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22700 EUR

Two Jangala Brothers at Wariakalangu


Single piece



120 x 90 cm
47.24 x 35 in







The skeleton figures represent the two Jangala brothers who perished in a magical bushfire at Wariakalangu. It is the conclusion of an epic journey the boys make to escape the flames but eventually they are roasted in the sand when they return home believing that all is forgiven. It is a cautionary tale with a clear moral that is known to all the inhabitants of the Western Desert. The boys’ father is the “Blue Tongue Lizard’ man, the old Lungkata.

He asks his two sons to go out hunting and instead of traveling out into the desert to look for game, they kill and roast the old man’s sacred kangaroo. When he returns from ceremony to find his sons cooking his pet he becomes enraged and uses his blue tongue to light a magical fire. The boys flee with their two spears, woomeras, stone knives and headbands, which are all illustrated, and travel as far as South Australia until they notice the flames dying out. They cautiously return home over the black & charred landscape until they reach Warlukurlangu and it is here that the meet their end and die under the sand as the inferno passes overhead.



The Royal Collection UK,
Art Gallery of New South Wales
Holmes à Court Collection
Kelton Foundation
National Gallery of Australia
Kluge-Ruhe Aboriginal Art Collection of the University of Virginia

1932 Alice Springs, Australia

Clifford Possum Tjapaltjarri led a groundbreaking career and was amongst the vanguard of Indigenous Australian artists to be recognised by the international art world. Like Albert Namatjira before him, Clifford Possum blazed a trail for future generations of Indigenous artists; bridging the gap between Aboriginal art and contemporary Australian art.

Clifford Possum was born in 1932 on Napperby Station. He worked extensively as a stockman on the cattle stations in and around his traditional country. During this time he developed an encyclopaedic knowledge of the Dreaming Trails that criss-cross the area to the north of the western McDonnell Ranges, which he depicts in painting his Dreamings. Clifford Possum Tjapaltjarri died in Alice Springs on the day he was scheduled to be invested with the Order of Australia for his contributions to art and to the Indigenous community. His obituaries, which appeared in newspapers around the world, generally referred to him as Clifford Possum and gave his age as about 70. His two daughters, Gabriella Possum Nungurayyi and Michelle Possum Nungurayyi, are renowned artists in their own right. Gabriella also has a work in the Royal Collection. Posthumously, Tjapaltjarri's works have drawn increasing attention.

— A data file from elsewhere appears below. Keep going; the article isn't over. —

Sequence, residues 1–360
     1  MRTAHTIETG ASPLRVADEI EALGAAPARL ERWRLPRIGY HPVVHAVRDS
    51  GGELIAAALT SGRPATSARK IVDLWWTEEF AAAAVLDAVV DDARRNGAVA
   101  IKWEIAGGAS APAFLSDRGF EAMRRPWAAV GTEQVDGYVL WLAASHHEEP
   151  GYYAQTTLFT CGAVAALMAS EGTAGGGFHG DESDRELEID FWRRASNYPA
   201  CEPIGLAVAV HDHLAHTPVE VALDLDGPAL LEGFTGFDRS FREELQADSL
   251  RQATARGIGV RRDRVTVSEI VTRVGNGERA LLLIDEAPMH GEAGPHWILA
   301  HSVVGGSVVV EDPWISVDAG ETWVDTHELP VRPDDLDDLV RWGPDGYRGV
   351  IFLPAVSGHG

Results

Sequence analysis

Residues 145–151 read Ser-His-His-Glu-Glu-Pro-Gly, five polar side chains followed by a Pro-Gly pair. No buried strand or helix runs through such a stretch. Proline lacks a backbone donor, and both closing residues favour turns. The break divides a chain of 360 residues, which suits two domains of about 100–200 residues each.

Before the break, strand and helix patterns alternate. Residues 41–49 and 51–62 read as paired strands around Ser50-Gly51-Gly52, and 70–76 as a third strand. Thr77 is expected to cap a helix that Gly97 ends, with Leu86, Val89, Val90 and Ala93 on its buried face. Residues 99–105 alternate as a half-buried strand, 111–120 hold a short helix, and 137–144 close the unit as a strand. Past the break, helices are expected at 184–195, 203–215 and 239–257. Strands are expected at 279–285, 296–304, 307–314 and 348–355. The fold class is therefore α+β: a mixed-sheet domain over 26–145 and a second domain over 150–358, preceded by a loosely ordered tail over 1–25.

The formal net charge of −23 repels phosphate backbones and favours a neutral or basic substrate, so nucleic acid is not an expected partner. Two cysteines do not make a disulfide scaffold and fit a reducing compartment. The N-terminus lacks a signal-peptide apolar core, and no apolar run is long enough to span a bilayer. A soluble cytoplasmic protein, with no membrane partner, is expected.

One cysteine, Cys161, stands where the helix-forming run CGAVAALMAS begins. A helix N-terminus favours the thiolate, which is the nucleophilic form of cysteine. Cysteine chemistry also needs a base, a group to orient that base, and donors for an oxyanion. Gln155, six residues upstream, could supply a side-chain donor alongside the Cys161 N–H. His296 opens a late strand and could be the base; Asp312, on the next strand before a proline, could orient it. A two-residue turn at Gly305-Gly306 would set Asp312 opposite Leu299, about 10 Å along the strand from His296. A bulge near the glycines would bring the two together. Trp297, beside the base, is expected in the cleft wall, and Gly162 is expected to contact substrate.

The artist's majestic painting Warlugulong (previously bought by the Commonwealth Bank for just $1,200) was auctioned by Sotheby's on 24 July 2007. Pre-auction, the work was expected to make art history as the most expensive Aboriginal canvas at auction. The work had been tipped to fetch up to A$2.5 million, more than double the then-record for Aboriginal art at auction. The work, in fact, sold for $2.4 million purchased by the National Gallery of Australia. The art of Clifford Possum is notable for its brilliant manipulation of three-dimensional space. Many of his canvasses have strong figurative elements which stand out from the highly descriptive background dotting.

In the late 70's he expanded the scope of Papunya Tula painting by placing the trails of several ancestors on the same canvas in the fashion of a road map. Within this framework, he depicted the land geographically. This laid the foundation for traditional Aboriginal Iconography to be placed on canvas. Other artists working with him took his lead and removed any elements of European Art from their work. In doing so Clifford, as well as the other artists involved with the Papunya Tula Movement helped to develop the true definition of Aboriginal Art, an art revolving around a culture, The Jukurrpa (Dreaming).

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